The rise in anthropogenic CO2 and the associated ocean acidification (OA) will change trace metal solubility and speciation, potentially altering Southern Ocean (SO) phytoplankton productivity and species composition. As iron (Fe) sources are important determinants of Fe bioavailability, we assessed the effect of Fe-laden dust versus inorganic Fe (FeCl3) enrichment under ambient and high pCO2 levels (390 and 900 μatm) in a naturally Fe-limited SO phytoplankton community. Despite similar Fe chemical speciation and net particulate organic carbon (POC) production rates, CO2-dependent species shifts were controlled by Fe sources. Final phytoplankton communities of both control and dust treatments were dominated by the same species, with an OA-dependent shift from the diatom Pseudo nitzschia prolongatoides towards the prymnesiophyte Phaeocystis antarctica. Addition of FeCl3 resulted in high abundances of Nitzschia lecointei and Chaetoceros neogracilis under ambient and high pCO2, respectively. These findings reveal that both the characterization of the phytoplankton community at the species level and the use of natural Fe sources are essential for a realistic projection of the biological carbon pump in the Fe-limited pelagic SO under OA. As dust deposition represents a more realistic scenario for the Fe-limited pelagic SO under OA, unaffected net POC production and dominance of P. antarctica can potentially weaken the export of carbon and silica in the future.

Continue reading ‘Iron sources alter the response of Southern Ocean phytoplankton to ocean acidification’

Ocean acidification narrows the acute thermal and salinity tolerance of the Sydney rock oyster Saccostrea glomerata

Coastal and estuarine environments are characterised by acute changes in temperature and salinity. Organisms living within these environments are adapted to withstand such changes, yet near-future ocean acidification (OA) may challenge their physiological capacity to respond. We tested the impact of CO2-induced OA on the acute thermal and salinity tolerance, energy metabolism and acid-base regulation capacity of the oyster Saccostrea glomerata. Adult S. glomerata were acclimated to three CO2 levels (ambient 380 μatm, moderate 856 μatm, high 1500 μatm) for 5 weeks (24 °C, salinity 34.6) before being exposed to a series of acute temperature (15–33 °C) and salinity (34.2–20) treatments. Oysters acclimated to elevated CO2 showed a significant metabolic depression and extracellular acidosis with acute exposure to elevated temperature and reduced salinity, especially at the highest CO2 of 1500 μatm. Our results suggest that the acute thermal and salinity tolerance of S. glomerata and thus its distribution will reduce as OA continues to worsen.

Continue reading ‘Ocean acidification narrows the acute thermal and salinity tolerance of the Sydney rock oyster Saccostrea glomerata’

Acidification des oceans: Une menace que le Sénégal se doit d’étudier, de comprendre, et d’anticiper (in French)

La surpêche dans les eaux du Sénégal a reçu beaucoup d’attention, mais des menaces tout aussi importantes pèsent également sur les ressources marines dont les effets pervers peuvent s’avérer irréversibles pour nos sociétés. L’acidification des océans et les autres problèmes liés au dioxyde de carbone (CO2) représentent en effet un risque pour la biodiversité marine, les écosystèmes et la société humaine que le Sénégal se doit de bien prendre en compte pour une gestion durable de ses eaux marines.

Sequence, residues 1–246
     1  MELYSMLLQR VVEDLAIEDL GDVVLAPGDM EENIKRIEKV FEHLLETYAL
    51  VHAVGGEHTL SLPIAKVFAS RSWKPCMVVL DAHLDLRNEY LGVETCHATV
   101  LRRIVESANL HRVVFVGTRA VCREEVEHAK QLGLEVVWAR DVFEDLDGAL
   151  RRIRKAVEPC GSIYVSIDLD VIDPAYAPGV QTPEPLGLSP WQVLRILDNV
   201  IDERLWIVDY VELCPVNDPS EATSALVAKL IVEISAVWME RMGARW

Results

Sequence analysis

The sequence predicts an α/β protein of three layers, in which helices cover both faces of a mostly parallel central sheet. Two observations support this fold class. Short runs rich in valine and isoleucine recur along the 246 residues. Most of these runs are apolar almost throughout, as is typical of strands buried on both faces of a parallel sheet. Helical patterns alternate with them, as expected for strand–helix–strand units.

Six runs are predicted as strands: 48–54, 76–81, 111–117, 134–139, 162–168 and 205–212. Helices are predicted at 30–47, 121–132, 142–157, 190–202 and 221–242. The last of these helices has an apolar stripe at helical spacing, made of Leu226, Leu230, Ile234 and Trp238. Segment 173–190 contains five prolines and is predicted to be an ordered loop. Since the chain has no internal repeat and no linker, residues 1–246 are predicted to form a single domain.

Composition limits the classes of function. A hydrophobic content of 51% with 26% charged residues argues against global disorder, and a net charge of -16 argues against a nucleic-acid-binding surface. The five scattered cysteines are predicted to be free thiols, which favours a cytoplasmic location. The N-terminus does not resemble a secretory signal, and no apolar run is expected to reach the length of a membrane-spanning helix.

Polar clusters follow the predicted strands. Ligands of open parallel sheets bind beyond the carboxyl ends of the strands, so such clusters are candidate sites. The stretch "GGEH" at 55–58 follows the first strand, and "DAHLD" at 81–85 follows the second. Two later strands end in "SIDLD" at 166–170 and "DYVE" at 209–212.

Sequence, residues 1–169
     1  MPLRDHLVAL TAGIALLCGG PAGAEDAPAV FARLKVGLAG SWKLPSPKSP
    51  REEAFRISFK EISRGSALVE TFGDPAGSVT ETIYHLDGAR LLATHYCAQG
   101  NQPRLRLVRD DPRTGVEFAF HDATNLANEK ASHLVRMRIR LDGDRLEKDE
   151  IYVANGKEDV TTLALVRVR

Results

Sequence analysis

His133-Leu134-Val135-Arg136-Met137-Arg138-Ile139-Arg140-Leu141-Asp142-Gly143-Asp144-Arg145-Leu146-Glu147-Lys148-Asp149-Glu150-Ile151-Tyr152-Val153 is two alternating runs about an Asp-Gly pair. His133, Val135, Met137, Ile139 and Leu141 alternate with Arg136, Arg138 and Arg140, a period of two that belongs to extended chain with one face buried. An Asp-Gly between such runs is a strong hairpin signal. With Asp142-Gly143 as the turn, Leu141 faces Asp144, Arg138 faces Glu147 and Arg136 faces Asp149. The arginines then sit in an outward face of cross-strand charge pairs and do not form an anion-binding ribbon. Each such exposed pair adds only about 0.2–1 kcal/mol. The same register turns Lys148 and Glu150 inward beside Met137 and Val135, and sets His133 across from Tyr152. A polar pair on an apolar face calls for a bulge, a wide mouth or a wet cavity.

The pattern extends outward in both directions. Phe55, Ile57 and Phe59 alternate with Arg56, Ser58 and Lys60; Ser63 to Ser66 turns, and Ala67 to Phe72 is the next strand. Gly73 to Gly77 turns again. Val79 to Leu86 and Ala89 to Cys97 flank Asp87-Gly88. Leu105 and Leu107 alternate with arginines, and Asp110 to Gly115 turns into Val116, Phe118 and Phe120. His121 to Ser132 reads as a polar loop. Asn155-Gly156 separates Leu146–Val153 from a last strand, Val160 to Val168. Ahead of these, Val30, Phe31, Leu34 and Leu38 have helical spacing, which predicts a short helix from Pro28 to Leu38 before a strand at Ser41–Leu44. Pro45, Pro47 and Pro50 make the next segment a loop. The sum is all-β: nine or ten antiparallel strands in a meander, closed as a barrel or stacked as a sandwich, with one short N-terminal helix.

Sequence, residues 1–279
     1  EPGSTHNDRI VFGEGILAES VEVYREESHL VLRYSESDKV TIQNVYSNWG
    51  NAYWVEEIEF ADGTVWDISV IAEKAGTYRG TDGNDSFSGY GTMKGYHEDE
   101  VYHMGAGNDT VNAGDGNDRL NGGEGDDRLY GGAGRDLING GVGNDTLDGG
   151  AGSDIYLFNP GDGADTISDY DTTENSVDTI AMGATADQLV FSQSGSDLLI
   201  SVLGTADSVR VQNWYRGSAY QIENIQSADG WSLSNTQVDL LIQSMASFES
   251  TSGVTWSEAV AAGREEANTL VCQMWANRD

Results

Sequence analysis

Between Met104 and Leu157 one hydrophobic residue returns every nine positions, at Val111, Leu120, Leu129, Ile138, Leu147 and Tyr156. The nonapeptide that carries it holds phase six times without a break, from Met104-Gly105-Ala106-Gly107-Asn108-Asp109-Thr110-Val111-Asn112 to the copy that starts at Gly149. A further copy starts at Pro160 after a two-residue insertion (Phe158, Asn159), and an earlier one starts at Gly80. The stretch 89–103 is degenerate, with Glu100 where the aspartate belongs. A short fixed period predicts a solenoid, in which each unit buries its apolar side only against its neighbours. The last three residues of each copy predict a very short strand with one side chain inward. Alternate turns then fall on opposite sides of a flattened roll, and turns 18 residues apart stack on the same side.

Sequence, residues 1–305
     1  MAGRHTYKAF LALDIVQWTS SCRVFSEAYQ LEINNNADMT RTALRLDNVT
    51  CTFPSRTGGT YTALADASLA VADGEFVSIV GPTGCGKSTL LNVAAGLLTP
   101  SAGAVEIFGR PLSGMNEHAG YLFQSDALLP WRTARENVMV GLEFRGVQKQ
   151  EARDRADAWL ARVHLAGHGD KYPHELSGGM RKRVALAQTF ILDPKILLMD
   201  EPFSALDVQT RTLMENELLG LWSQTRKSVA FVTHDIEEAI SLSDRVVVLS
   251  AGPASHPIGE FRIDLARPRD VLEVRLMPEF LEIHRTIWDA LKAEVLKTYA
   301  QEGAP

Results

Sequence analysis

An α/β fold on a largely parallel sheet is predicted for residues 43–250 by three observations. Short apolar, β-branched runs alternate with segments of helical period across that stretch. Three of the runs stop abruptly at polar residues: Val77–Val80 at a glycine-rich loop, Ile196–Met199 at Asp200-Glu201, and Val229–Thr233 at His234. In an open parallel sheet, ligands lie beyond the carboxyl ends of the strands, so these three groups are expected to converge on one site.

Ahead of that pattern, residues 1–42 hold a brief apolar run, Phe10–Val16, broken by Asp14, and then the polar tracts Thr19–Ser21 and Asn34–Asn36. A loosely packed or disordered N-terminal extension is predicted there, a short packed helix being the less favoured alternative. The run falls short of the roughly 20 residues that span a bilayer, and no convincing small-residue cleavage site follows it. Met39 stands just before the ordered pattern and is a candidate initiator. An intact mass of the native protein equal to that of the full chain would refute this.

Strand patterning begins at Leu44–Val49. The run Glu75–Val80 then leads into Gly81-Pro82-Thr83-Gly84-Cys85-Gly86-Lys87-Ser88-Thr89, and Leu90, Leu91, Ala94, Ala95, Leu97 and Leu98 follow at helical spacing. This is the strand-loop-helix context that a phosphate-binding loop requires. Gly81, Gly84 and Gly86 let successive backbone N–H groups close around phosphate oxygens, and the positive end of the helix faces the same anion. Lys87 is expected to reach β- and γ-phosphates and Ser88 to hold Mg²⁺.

L’augmentation des concentrations du CO2 atmosphérique liée aux activités humaines telles que la combustion des énergies fossiles a conduit à l’acidification d’environ 30 % des eaux océaniques de surface par rapport à l’époque préindustrielle. Les modifications chimiques induites par l’augmentation du CO2 dissous dans l’eau réduisent la disponibilité des composés chimiques essentiels à la formation des coquilles et des squelettes calcaires des organismes marins, notamment ceux des mollusques, des crustacés et des coraux.  La réduction de l’oxygène dissous et le réchauffement des océans sont deux facteurs importants également liés au CO2.

Continue reading ‘Acidification des oceans: Une menace que le Sénégal se doit d’étudier, de comprendre, et d’anticiper (in French)’

All aboard the carbon cruise

University of Miami students and researchers are blogging during a month-long expedition in the Gulf of Mexico to study ocean acidification.

An interdisciplinary and international team of scientists and students set sail aboard the NOAA (National Oceanic and Atmospheric Administration) ship Ronald H. Brown on Tuesday, July 18 for a 36-day expedition in the Gulf of Mexico.

The researchers – including graduate student Joletta Silva and two recent alumni, Emma Pontes and Leah Chomiak, from the University of Miami Rosenstiel School of Marine and Atmospheric Science – represent institutions from the United States, Mexico and Cuba.

The expedition, entitled the Gulf of Mexico Ecosystems and Carbon Cruise (GOMECC), is the third of such research cruises led by NOAA AOML (Atlantic Oceanographic and Meteorological Laboratory) for its Ocean Acidification Program to better understand how ocean chemistry along U.S. coasts is changing in response to ocean acidification. This cruise is the first that will explore Mexican waters of the Gulf of Mexico, and is considered to be the most comprehensive ocean acidification cruise to date in the region.

Continue reading ‘All aboard the carbon cruise’


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Ocean acidification in the IPCC AR5 WG II